Story boxes

 

All day long the sun had been like a great burning eye, but now, after painting the western sky with crimson and scarlet and gold, he had disappeared into his fleecy bed. The various creatures of the forest had sought their holes and resting-places; the last sound had rumbled its rumble, the last bee had mumbled his mumble, and the last bear had grumbled his grumble; even the grasshoppers that had been chirruping, chirruping, through all the long hours without a pause, at length had ceased their shrill music, tucked up their long legs, and given themselves to slumber.

This wonderful storytelling language from one of many stories on this page http://www.gutenberg.org/files/474/474-h/474-h.htm
It inspired me to take photos of my ‘story boxes’.
After announcing one’s intention to tell a story, it is rather magical to have such a box and to let a child choose which box today’s story might be? And of course the box can be endlessly replenished with other small objects representing a different story. OR, if you really want to tell a particular story you could have something in only one compartment and it becomes a challenge to choose the right compartment! More children get to choose too!
story telling box early childhood oral literacy
Story telling box professional development oral literacy

This small sewing box was dirt cheap in a hospice shop so I bought it with this in mind. You can probably make out which item represents which of the following stories: The Magic Porridge Pot, The Three Little Pigs, A string game story about children finding a crown of stars… (the words help tell the story while also guiding the finger actions). On the bottom is a patchwork coat to go with the story ‘The Patchwork Coat’ shared by Tanya Batt in her book ‘the Fabrics of Fairytale’ and finally a stone arrowhead with a ponga fairy ( made by Helmi Thompson on http://www.woodlandsenchanted.co.nz/product/view/19 . ) They represent the story of Rata and the Totara tree.. i don’t have a stone adze!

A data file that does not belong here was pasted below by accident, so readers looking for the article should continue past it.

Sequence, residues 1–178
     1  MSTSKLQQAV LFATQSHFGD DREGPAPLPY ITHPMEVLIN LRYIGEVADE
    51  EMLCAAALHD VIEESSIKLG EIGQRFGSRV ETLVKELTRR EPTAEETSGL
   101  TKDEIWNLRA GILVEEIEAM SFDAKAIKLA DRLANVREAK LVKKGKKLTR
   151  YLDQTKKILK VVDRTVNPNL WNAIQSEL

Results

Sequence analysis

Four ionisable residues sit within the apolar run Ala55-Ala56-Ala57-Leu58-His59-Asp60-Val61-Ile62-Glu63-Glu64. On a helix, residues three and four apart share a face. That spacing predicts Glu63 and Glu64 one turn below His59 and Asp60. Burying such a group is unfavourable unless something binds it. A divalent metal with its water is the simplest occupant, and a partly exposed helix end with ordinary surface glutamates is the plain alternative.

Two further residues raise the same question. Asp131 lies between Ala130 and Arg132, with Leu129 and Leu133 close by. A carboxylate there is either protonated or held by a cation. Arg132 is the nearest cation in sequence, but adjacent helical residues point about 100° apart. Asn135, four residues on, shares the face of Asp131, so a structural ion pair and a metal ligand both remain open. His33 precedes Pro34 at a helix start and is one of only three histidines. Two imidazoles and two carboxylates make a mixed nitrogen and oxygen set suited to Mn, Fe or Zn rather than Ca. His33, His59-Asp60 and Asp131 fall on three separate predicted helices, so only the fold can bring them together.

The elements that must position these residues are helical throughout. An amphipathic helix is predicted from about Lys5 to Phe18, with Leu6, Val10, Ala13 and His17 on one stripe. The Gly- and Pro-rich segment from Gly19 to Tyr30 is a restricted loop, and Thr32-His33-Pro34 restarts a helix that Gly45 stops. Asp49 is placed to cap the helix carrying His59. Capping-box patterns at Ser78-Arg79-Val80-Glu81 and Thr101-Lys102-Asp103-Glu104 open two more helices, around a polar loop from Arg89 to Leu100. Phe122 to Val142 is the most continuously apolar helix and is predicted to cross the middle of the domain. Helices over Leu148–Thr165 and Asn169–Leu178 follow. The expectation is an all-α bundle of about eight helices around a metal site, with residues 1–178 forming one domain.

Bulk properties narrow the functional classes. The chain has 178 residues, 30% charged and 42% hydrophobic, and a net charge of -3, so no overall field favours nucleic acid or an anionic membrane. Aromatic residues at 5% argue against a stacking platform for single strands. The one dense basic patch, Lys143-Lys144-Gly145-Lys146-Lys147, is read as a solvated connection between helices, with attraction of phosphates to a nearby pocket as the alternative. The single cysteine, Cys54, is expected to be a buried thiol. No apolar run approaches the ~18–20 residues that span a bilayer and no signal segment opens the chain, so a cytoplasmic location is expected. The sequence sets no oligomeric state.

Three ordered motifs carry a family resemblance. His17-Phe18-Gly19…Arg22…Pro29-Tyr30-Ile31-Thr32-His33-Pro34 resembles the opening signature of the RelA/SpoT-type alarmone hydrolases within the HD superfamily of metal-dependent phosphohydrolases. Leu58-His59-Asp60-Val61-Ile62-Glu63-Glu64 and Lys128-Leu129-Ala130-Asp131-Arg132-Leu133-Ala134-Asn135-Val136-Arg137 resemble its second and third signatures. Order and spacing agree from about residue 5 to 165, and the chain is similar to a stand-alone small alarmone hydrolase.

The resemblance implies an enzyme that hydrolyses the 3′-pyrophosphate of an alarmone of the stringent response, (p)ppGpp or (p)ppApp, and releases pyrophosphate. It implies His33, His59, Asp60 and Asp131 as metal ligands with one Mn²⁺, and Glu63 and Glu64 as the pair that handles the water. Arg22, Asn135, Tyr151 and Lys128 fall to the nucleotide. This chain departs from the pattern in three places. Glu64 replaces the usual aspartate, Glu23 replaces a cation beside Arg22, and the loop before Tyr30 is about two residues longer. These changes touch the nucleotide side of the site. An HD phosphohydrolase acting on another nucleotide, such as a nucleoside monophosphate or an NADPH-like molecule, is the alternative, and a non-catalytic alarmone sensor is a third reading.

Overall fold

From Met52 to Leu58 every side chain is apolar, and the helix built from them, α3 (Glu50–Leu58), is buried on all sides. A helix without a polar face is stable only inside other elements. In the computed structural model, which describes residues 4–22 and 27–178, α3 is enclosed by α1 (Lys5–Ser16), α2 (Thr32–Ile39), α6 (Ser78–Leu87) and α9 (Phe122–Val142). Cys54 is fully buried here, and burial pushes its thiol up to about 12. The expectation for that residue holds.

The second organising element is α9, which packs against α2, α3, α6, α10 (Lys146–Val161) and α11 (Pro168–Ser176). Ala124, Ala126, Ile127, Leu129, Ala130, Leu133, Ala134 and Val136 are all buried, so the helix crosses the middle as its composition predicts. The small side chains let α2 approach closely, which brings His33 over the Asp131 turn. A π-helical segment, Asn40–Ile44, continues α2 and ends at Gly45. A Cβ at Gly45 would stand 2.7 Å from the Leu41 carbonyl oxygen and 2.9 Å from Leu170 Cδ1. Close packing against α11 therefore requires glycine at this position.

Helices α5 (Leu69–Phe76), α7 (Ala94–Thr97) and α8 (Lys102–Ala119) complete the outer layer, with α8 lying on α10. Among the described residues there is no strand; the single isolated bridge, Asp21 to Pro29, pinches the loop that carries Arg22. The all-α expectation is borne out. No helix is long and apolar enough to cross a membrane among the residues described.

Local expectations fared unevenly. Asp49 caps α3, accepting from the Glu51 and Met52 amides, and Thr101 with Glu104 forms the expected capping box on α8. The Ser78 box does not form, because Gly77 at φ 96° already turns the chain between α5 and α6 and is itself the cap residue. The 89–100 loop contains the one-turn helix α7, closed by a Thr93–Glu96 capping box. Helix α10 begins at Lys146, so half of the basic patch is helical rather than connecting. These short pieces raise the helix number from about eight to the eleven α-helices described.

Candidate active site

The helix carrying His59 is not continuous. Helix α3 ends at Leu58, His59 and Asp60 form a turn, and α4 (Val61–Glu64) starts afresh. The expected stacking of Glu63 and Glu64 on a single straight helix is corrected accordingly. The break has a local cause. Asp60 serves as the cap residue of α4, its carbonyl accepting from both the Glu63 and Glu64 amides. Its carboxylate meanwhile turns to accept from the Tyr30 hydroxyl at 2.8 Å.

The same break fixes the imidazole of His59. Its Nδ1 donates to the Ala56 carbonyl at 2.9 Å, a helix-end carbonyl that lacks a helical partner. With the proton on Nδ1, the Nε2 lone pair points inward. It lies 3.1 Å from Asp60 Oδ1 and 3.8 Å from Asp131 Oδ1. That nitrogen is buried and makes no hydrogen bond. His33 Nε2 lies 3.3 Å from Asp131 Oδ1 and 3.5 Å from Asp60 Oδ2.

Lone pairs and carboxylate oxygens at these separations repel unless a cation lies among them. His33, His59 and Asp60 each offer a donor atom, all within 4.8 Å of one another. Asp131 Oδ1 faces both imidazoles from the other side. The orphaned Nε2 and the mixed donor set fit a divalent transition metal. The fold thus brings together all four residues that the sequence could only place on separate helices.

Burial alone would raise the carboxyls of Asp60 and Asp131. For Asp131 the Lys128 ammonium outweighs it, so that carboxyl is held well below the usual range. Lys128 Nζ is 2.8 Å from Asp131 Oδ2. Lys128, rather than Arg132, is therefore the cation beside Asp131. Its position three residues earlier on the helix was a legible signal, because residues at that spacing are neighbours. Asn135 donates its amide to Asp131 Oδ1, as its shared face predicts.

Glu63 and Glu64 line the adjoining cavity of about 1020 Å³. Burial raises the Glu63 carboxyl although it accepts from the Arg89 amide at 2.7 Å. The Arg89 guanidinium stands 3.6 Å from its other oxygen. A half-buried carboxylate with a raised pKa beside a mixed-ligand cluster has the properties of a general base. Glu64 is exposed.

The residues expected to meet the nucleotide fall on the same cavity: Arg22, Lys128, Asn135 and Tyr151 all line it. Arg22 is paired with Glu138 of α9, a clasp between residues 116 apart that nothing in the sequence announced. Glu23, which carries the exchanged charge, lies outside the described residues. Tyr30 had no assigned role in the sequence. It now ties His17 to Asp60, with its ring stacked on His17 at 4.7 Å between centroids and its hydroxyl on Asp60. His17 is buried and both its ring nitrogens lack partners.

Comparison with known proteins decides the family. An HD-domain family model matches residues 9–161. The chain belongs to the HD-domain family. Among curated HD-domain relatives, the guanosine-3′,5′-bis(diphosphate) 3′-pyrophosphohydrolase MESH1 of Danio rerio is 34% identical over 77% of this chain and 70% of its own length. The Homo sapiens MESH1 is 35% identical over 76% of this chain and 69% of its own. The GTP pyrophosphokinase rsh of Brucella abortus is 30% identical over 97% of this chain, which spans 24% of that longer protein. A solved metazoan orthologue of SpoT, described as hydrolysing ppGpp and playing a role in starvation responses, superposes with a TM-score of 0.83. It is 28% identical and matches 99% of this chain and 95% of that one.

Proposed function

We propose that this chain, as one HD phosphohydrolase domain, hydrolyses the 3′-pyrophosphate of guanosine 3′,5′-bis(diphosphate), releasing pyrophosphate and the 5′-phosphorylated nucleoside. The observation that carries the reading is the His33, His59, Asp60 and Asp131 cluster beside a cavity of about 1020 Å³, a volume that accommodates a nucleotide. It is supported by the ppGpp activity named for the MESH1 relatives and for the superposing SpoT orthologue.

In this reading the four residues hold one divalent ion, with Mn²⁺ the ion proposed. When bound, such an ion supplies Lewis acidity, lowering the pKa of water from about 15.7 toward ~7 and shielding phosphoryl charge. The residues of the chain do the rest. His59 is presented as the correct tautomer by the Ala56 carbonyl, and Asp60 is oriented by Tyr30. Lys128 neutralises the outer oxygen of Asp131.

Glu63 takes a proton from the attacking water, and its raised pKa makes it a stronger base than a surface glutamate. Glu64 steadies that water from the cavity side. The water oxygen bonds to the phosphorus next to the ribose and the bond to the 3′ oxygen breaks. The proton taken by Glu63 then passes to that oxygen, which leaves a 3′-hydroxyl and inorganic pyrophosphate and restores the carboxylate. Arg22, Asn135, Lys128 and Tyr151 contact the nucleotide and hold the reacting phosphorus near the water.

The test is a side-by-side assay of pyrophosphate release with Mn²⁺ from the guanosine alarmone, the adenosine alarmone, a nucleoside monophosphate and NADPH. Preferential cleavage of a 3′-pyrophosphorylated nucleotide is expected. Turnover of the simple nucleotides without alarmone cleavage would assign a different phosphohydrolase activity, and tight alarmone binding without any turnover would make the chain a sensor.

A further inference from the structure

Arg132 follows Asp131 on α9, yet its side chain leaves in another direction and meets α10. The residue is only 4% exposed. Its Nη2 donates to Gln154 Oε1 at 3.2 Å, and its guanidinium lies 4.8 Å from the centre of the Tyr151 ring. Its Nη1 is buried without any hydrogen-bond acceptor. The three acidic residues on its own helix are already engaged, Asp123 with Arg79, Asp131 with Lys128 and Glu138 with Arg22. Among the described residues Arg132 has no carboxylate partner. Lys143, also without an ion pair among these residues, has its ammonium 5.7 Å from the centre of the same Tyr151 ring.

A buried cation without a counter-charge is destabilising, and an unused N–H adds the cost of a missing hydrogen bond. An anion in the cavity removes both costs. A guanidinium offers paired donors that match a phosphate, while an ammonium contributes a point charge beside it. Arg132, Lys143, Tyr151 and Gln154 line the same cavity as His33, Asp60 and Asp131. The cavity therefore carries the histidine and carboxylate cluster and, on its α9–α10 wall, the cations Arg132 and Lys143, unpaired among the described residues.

evelyn davis story telling early childhood

 

 

These little paper boxes, made with sturdy watercolour paper, and left over from teaching at the Waldorf school, are fairly easy to make. http://www.youtube.com/watch?v=P3YVYLixFUA this is a great tutorial and avoids the use of scissors for one tiny stage. The only thing he fails to mention is that the two halves of the box need to be a bit bigger or smaller than each other. This woman does the scissor method and shows the two sizes but her tutorial is long and her box scruffy.!!http://www.youtube.com/watch?v=ekifcYtAQOI

oral literacy story telling story boxes


The small sewing box was dirt cheap in a hospice shop so I bought it with this use in mind. You can probably make out which item represents which of the following stories: The Magic Porridge Pot, The Three Little Pigs, A string game story about children finding a crown of stars… (the words help tell the story while also guiding the finger actions). On the bottom is a patchwork coat to go with the story ‘The Patchwork Coat’ shared by Tanya Batt in her book ‘the Fabrics of Fairytale’ and finally a stone arrowhead with a ponga fairy ( made by Helmi Thompson on http://www.woodlandsenchanted.co.nz/product/view/19 . ) They represent the story of Rata and the Totara tree.. I don’t have a toki, a stone adze!